Make it safer for everyone.
Fashion should be a source of pure joy, exploration and self-expression. But for so many women and LGBTQ + people around the world who work in the fashion and textile industry, it can be an uncomfortable, dangerous, and downright traumatic space.
All over the world, and especially here in Australia, visionary and hardworking women and gays are the beating heart of the fashion industry, and sadly, they are not always safe or protected. With a mission to better understand and eventually eradicate gender-based violence in the fashion industry, the Australian non-profit association Collective fashion justice (CFJ) partners with a feminist tech start-up She is a crowd to collect real stories and experiences within the Australian fashion industry.
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The data will be transformed into a report to inform and guide decision makers towards the creation of what CFJ describes as a total ethical fashion system, which is “the one who values the life and well-being of humans and non-humans, as well as the planet, before profit”. We love the sound of it.
While the project is still in its early stages, I spoke with the founding director of the group; writer, model and activist Emma Hankansson, about her own unsavory experiences in the industry and why it’s so important that we all support the project.
Hey Emma, thanks for chatting! Let’s start by explaining why you wanted to get involved in this project in the first place.
Hi Ruby! So I decided to launch CFJ because I saw the need for an organization that considers ethics as a whole. There are great organizations working on sustainability issues in the industry, big brands dedicated to workers’ rights and animal rights groups working to raise awareness of the exploitation involved in fashion.
What I didn’t see, however, was a sufficient connection between these issues – for example, we know that leather manufacturing finances the slaughter of animals, which is responsible for massive emissions, land degradation, water use and deforestation. And that forced labor in the leather industry (as well as the hazardous work that is almost always done by the colored poor) is commonplace. These leather goods are then often sewn by women of color who do not receive a living wage. If we don’t recognize how these injustices are related, it’s much harder to root them out and switch to a gentler form of fashion.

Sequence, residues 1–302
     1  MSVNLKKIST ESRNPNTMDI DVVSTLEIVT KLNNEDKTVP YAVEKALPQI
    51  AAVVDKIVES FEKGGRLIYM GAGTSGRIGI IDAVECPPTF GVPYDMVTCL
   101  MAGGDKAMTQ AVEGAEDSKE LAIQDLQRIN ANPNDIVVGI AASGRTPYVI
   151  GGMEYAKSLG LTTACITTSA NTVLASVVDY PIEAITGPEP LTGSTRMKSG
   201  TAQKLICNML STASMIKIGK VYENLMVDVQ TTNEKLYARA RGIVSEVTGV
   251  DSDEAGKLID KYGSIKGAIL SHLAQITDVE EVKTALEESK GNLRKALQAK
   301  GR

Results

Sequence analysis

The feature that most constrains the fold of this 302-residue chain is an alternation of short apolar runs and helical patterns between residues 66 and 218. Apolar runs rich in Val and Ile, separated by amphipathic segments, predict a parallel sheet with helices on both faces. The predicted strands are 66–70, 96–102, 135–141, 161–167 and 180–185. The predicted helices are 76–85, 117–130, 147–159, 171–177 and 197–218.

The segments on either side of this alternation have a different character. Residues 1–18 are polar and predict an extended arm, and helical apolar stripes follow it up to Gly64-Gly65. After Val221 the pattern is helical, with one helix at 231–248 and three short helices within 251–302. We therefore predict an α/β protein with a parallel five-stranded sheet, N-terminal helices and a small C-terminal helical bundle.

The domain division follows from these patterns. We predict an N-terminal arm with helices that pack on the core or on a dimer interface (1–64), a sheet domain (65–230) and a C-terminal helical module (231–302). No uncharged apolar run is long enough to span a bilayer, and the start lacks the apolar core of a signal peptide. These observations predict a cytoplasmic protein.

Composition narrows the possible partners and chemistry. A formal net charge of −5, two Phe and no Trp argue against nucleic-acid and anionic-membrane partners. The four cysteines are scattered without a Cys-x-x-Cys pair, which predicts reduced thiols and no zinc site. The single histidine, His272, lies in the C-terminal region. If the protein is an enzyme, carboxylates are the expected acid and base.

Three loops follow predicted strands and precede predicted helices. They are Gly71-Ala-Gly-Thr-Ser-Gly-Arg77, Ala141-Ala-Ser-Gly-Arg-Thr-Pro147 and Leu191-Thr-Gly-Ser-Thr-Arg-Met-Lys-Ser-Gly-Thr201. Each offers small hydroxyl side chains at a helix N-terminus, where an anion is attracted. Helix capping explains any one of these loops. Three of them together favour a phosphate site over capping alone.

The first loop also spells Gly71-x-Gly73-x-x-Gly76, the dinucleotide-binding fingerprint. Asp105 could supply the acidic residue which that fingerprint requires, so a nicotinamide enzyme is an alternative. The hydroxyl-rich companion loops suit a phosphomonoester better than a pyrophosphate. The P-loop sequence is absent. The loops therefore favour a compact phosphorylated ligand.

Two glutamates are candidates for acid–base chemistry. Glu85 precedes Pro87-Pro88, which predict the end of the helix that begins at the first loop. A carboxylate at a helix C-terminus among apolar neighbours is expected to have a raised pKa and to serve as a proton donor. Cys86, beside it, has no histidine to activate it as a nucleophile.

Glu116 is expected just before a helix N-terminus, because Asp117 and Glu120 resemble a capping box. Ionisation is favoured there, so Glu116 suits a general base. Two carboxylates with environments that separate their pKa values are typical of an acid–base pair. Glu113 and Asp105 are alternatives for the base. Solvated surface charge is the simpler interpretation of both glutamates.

Since the creation of the CFJ, what types of projects and events have you been working on?
Last year CFJ did a lot! We have broken stories as a result of testing “faux fur” sold in Australia which is in fact illegally mislabelled genuine animal fur from cruel factory farms, we have published new data on the environmental impact of materials, which has been published by Vogue Business, posted a award-winning short on the total production of ethical knitwear, created free educational resources on total ethical fashion that have since been sent to NYU, Parsons and other fashion schools, and more.
CFJ’s next project with She’s A Crowd is to collect data on gender-based violence in the fashion industry, which seems like a huge task. How are you going to approach it?
CFJ and She’s a Crowd will work together to collect data on the impact of gender-based violence and inequality on the Australian fashion industry. Once we’re fully funded, that will mean creating a survey specific to the fashion industry and the people who work in it, so people can share their stories about their experiences working in the industry.